Amazon to open 3,000 more checkoutless stores
Amazon’s checkout free supermarket, Amazon Go, opened its doors to the public at the beginning of the year, allowing its Seattle-based customers a first look at the future of grocery shopping. Conceptually, the store’s design sounds absolutely crazy; customers simply scan their smartphones as they enter the store, grab what they want from the shelves, and walk out. No lines, no checkout, no human contact.
However, Amazon Go is not a food-based free-for-all. The stores use a system of specialised cameras and weight sensors to track what their customers are taking, and bills their accounts directly through the Amazon Go app. Their tech can even tell if a person has picked something up and put it back down, so you won’t get charged for being indecisive.
Amazon Go established their first location in Seattle in 2016, though the experience remained exclusively employee-only for over a year as they tested out the technology. In 2018, the store officially opened its doors to the public. Personally, I would have loved to check it out, since I was still in America at the time, but there was only one store open, and my morning commute didn’t allow for an 8,710-kilometre detour.
If you’ve ever found yourself in a similar situation, the wait will soon be over. After the initial success of the Seattle store, Amazon has announced an incredibly ambitious plan to open up to 3,000 new stores by 2021. Given that convenience is the chain’s main marketing tool, it’s likely that these new locations would be concentrated in urban areas. So far, only three new stores have officially been announced. Two more are in Seattle and one is in Chicago, though east coast residents should expect a store or two to pop up within the next few years.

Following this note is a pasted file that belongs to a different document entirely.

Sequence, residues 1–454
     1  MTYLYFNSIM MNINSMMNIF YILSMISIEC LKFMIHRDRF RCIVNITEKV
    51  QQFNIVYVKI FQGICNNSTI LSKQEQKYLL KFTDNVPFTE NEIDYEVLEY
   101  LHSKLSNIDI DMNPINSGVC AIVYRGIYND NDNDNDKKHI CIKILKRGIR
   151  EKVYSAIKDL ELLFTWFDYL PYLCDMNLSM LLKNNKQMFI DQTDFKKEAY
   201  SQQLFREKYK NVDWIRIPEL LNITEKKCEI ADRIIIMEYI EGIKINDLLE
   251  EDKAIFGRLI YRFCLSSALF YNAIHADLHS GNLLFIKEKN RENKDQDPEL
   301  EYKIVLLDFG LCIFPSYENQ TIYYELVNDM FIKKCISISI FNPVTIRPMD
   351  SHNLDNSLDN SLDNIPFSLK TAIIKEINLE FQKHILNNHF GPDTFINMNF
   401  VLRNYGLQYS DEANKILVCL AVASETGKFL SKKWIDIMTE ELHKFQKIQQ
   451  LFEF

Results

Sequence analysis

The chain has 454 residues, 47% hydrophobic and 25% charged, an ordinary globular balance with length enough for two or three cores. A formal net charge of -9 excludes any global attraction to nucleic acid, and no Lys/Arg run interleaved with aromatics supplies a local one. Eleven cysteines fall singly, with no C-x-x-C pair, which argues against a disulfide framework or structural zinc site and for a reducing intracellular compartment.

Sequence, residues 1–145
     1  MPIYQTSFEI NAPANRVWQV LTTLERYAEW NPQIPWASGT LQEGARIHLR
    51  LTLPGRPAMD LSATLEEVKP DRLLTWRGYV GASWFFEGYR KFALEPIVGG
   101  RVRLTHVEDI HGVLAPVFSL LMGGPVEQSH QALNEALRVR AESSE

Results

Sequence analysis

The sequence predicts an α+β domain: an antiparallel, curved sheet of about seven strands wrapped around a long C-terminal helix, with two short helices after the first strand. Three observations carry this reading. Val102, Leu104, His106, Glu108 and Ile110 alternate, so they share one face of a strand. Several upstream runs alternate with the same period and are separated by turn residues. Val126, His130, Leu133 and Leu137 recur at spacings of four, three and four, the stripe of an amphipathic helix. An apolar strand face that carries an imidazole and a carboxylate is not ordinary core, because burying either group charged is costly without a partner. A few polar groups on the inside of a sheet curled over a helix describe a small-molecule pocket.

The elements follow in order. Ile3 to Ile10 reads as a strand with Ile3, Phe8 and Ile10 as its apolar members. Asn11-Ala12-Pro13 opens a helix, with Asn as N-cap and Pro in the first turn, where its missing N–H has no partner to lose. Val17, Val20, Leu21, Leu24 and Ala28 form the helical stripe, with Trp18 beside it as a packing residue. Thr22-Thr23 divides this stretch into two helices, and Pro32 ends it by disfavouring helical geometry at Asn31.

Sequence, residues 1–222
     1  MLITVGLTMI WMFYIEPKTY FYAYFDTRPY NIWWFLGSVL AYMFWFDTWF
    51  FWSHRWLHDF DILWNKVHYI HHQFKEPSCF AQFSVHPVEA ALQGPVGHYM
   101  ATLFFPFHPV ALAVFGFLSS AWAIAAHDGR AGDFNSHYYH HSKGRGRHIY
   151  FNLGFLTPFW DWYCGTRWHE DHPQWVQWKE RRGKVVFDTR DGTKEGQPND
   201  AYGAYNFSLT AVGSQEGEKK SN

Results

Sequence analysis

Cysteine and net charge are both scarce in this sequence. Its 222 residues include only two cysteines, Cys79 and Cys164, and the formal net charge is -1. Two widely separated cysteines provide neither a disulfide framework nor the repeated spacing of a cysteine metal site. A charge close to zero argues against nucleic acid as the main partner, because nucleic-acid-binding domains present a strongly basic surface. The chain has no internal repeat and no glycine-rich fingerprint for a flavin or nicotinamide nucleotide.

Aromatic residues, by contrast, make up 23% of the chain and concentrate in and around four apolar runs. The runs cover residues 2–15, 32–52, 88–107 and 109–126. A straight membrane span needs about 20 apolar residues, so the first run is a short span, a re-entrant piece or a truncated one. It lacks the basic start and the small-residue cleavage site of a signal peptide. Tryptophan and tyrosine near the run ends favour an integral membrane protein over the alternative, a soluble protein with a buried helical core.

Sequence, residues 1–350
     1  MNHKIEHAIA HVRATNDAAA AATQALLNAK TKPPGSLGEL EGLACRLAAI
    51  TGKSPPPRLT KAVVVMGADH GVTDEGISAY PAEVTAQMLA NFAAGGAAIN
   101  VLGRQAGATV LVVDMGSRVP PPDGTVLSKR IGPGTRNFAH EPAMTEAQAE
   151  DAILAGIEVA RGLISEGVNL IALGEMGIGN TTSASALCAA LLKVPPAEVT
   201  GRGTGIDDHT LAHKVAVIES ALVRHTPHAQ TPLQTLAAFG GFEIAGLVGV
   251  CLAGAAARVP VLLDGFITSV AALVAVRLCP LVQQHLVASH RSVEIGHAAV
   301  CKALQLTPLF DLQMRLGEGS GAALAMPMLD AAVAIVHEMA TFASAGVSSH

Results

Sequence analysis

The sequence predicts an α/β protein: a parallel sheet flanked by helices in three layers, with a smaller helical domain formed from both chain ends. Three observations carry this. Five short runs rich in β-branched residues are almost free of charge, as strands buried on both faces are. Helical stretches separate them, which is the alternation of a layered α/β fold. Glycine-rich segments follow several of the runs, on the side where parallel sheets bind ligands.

Two of these new stores are more meal-on-the-go services than full-blown supermarkets, with only a limited selection of snacks, salads and sandwiches. Moving in this direction has its advantages; it would see Amazon cut down on the amount of cameras and sensors needed, increase the store’s profit margin and overall reduce the initial opening cost. For its part, the original Seattle store spent more than $1 million on hardware alone when it opened in 2016.
So what impact would these new stores have on their competitors? Because of Amazon Go’s focus on high-density urban areas, suburban store owners need not worry. Currently, Amazon Go serves more of a threat to other convenience food chains like Subway, Pret a Manger, and Panera, as well as mom-and-pop brick and mortars.
The convenience of Amazon Go is certainly attractive to city-dwellers, especially those who have a little bit more money to spend, since Amazon Go is not appearing to be a cheap shopping alternative. But right now, the novelty of Amazon’s newest project seems to outweigh any concern over cost. Because you have to admit, it is cool. Whether or not it remains profitable after the novelty wears off is a different story entirely.